“Cattle market?” Hiram said after a flash of nervous alarm crossed his eyes. “Not the sort of place I’d expect to hear ya ever vistin’.”
Hunter shrugged, “Running down a lead on a contract, old boy. Never leave a stone unturned, you know.”
The shipwright nodded with a chuckle, subtly avoiding Hunter’s gaze. “Aye, right ya are about that. Well, I hate ta send ya out, but I’ve got a busy day spreadin’ out for me. I’ll ask about. Surely one of the boys knows of yer Allison, or even has bought a part or two from her.”
Hunter shook his friend’s hand again. “Quite. Here’s luck to that. Just send word to the Griffin if you hear of anything.”
“Naturally.” Hiram said with a relieved smile.
With a final wave, Captain Hunter turned on his heel and strolled out the shipwright’s door. He strolled along the narrow avenue that led between the crates and the small cluster of offices. Once past the corner of the buildings, he turned his back on the docks and walked out to the edge of Commerce Place, the road adjacent to the docks. He was about to hail a cab when a woman’s shout cut over the crowd.
“Cap’n! Cap’n Hunter!” Moira shouted and waved from where she stood several yards away.
Hunter jumped slightly, then looked over and returned Moira’s wave. Moira trotted up the road to join him.
“Cap’n!” She panted while she caught her breath. “I’m glad I caught ya. Somethin’s happened.”
“Easy Moira, catch your breath. While you do, let’s step over here away from the road.” Hunter guided Moira closer to a fence that ran between the docks and the road. Moira nodded, then leaned against the fence to catch her breath. Beside her, Hunter glanced subtly over his shoulder towards the main entrance to the docks, as if expecting someone.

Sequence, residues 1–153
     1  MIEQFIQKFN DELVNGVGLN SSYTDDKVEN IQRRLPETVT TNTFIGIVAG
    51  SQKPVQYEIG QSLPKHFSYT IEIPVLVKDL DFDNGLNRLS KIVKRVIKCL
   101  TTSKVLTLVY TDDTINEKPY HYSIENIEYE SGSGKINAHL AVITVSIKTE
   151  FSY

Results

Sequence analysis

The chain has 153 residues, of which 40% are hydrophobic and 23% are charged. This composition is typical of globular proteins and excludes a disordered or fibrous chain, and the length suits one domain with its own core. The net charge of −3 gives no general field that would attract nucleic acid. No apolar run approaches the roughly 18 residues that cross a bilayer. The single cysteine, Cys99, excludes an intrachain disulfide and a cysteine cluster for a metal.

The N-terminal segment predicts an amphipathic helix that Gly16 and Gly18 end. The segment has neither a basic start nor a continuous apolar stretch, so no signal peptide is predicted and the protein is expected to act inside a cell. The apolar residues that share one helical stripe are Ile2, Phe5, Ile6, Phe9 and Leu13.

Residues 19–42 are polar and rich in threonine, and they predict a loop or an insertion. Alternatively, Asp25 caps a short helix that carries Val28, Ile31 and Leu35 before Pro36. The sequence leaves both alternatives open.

Moira noticed the captain’s motion. “Ya expectin’ something?”
Hunter glanced back at her. “Hm, what?”
“Yer lookin’ back over yer shoulder. Like yer expectin’ someone. Constables runnin’ after ya?” She asked quickly while she looked in the direction Hunter had been.
“No, not constables. Sadly, our old friend Hiram.” Hunter replied.
Moira looked confused. “Hiram? Why’re we layin’ in wait fer him?”
“I just spoke with him about Allison. I thought of anyone, he would have dealt with her as he runs most of the shipwright work here on the docks. Most all parts merchants have done business with him at one time or another.” Hunter explained, glancing over his shoulder again. “He claimed not to have heard of her, but … he seemed uneasy when I mentioned meeting her, and quite uneasy when I mentioned her cart was at the cattle market.”
Moira looked stunned. “Not Hiram! He couldna have anything to do with this.”
“I’m not so certain Moira,” Hunter said sadly. “He knows something, and for the first time ever that I’ve known him, Hiram’s frightened. Something about Allison, her cart or her vanishing has unsettled him greatly. I’ve a suspicion that he was in a hurry to have me leave. I think I’d like to know why.”
“Why not just come out and ask ‘im?” Moira said curiously. “We’ve known him for quite a bit. Ya’ve known him longest.”
“I nearly did.” Hunter admitted. “However, in front of his journeymen? Bad form, that. In addition, what little I first told him rattled him quite a bit for Hiram. He might have just lied more to save face, thinking he could deal with whatever he’s gotten himself involved in. So, we follow, watch and learn. Then we come back and speak with him privately, once we know how to breach the topic with him.”